Anything Fly Fishing

C.H.U.B.S. Club

6 Mins read

“Small fish, in the hands of people with small hands, look relatively large.” – Unaccomplished Angler blog

To use the verbiage of the day, I generally don’t play well with others. Growing up, I was called “contrarian.” But they were wrong. My teachers said I was “oppositionally defiant.” I vehemently disagreed. What I really am is a peace freak/change the world/ hippie-throwback from back in the decade that was the 60’s, yeah man, the 60’s. It was a time when such literary luminaries as Vonnegut, Bradbury, and Steinbeck were pushing the boundaries of literature. Richard Brautigan was doing such things as titling a book Trout Fishing in America, while it only minimally deals with fishing and then goes on to dedicate an entire chapter to his desire “to write a book that ends with the word Mayonnaise.” Such rebellious actions somehow stained, (I prefer the term “influenced”), my thinking and outlook, transforming me into what I am today: an average, not overly motivated, occasionally witty, rebel without a cause. Of course, Brautigan and the other movers and shakers of the 60’s had something going for them that I don’t: they had a cause, something to stand for. They rallied against the system. They pushed the envelope. What do I have? Nothin’. So, what I really need is a cause.

You can get away being a rebel without a cause in your teens and 20’s, they call it “going through a stage.” But when you get to be my age and you act that way without a cause to stand behind, what they call you is much less flattering. Phrases such as “lazy jerk”, “unmotivated slob”, and “jackass” start getting bantered about.

So how does one go about finding a cause? Causes aren’t just falling out of the trees, you know. Not the good ones anyway. That was the question running through my mind the other day while I was on the river being out fished by about a 3 to 1 ratio, which is par for the course. All that fishless downtime gives one plenty of time to think. The beauty of being a bad fly fisherman is that you have a lot of time to think. Consciously you focus on the cast, the drift, and the mend while subconsciously you work out the really important things in life like, will the beer still be cold when we get back to the truck, and what type of cause can an aging, cranky, wanna-be hipster like me champion without over exerting his middle-aged, out of shape body?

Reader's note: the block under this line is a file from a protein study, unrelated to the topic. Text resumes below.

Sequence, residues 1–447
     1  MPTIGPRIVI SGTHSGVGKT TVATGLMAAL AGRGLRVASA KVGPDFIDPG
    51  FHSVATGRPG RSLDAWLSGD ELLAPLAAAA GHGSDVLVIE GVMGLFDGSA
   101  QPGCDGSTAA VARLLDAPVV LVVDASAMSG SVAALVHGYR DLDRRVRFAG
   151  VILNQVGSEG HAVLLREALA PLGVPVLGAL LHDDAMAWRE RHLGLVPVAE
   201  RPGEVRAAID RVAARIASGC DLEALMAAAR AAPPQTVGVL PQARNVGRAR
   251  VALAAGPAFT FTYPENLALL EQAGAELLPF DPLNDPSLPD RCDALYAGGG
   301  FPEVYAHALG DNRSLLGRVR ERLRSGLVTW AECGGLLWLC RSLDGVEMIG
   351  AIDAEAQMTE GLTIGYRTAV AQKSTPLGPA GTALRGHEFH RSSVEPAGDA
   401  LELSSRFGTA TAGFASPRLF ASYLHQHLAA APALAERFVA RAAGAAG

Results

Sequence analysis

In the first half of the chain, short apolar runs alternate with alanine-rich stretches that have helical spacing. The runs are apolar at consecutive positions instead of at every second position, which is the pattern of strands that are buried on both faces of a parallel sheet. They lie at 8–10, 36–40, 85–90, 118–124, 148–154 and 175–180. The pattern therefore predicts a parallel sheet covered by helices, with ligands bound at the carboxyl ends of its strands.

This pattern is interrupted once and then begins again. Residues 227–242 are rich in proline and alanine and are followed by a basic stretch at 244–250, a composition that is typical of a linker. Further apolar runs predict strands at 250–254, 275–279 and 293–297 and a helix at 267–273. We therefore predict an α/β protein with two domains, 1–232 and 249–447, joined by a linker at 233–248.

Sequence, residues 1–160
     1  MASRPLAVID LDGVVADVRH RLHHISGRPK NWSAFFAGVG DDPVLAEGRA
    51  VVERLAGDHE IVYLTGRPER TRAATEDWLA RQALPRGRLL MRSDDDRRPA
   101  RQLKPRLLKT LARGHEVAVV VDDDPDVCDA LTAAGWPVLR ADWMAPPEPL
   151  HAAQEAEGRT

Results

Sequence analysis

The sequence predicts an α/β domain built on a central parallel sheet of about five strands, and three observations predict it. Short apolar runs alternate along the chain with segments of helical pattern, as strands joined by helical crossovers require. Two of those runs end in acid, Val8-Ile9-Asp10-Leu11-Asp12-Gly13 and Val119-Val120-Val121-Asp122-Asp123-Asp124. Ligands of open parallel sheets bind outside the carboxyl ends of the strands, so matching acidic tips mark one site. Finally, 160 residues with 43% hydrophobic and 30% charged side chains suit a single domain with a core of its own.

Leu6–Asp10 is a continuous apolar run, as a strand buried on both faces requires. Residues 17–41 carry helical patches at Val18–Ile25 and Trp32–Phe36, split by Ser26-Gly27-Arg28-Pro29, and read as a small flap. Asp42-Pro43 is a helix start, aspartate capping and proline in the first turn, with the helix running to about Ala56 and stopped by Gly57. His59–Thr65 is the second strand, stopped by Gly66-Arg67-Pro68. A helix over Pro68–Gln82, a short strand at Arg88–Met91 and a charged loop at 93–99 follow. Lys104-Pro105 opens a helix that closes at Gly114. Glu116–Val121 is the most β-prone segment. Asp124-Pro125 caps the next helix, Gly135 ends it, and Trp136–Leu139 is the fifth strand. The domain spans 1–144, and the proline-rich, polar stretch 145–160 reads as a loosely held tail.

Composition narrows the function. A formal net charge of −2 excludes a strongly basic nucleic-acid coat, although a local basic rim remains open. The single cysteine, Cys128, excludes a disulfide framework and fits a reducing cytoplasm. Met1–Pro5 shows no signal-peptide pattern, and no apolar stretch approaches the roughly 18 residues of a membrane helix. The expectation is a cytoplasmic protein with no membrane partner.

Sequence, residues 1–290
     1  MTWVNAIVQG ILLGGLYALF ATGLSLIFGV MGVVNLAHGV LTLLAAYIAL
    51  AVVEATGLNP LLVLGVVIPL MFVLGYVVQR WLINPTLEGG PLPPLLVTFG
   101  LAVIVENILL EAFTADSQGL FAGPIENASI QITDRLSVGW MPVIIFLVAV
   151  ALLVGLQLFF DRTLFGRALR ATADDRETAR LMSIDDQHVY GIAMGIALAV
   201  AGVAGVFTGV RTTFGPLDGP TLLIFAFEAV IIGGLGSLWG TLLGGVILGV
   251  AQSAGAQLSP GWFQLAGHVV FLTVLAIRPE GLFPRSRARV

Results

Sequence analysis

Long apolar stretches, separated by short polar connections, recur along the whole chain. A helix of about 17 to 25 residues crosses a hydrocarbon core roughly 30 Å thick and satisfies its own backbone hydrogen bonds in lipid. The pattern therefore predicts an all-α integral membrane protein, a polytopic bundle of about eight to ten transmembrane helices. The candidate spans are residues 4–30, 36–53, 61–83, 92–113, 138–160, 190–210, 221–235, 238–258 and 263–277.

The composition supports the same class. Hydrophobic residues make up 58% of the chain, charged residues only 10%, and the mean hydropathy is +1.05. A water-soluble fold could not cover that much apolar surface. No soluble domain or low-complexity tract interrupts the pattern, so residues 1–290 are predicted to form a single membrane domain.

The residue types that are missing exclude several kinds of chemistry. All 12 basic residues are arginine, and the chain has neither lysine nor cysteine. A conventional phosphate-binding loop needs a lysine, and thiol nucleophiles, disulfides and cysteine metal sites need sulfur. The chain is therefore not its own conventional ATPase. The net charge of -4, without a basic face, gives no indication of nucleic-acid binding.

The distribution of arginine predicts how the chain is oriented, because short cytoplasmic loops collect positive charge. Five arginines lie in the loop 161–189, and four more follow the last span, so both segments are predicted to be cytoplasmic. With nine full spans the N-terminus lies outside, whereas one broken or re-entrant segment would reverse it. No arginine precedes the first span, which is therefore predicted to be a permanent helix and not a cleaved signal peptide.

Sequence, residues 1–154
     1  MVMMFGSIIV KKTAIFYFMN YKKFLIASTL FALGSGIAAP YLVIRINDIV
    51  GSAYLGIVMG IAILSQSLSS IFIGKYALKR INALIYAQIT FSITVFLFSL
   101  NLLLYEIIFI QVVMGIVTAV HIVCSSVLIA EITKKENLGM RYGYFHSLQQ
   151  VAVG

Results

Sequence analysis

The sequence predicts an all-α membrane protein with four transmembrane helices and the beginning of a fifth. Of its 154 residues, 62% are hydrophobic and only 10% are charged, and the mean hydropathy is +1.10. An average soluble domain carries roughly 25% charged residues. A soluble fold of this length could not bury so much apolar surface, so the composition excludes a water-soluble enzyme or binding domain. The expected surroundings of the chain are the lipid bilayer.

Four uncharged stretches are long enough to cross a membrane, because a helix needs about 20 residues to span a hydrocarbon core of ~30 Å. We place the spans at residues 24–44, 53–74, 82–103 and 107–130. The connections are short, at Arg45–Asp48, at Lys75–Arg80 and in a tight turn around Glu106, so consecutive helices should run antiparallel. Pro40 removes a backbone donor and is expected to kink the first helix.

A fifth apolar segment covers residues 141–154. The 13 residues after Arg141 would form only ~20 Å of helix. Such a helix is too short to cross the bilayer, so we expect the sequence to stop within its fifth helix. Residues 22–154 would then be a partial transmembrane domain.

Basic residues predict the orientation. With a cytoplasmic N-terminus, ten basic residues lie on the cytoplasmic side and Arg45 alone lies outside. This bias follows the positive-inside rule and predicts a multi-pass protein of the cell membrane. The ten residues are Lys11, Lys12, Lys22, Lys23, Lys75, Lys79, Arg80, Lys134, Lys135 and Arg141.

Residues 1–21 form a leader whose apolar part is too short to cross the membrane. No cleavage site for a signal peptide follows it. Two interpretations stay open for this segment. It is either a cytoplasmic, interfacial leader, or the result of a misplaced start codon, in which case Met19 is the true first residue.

Somewhere between my first and fiftieth cast I came upon the realization that fly fishing is probably the ultimate counterculture sport:

While the idea is to catch fish… many of us release the fish we catch anyway; and while we enjoy catching the fish… we give almost every advantage to the fish, intentionally fishing small flies with pinched barbs on the thinnest of lines. So deep into my mind warp was I that I almost missed the twitch of the leader signaling a strike. Almost.

I set the hook solidly into 6 inches of chub fury! Upon landing and releasing the silver dart I had an epiphany, I had my cause, I had my purpose! I would champion the cause of elevating the lowly chub from “rough fish” status to “highly esteemed game fish” status. Well, maybe not “highly esteemed,” I’d settle for just plain “game fish” status. Eureka! I had my Zen moment! I had found my cause!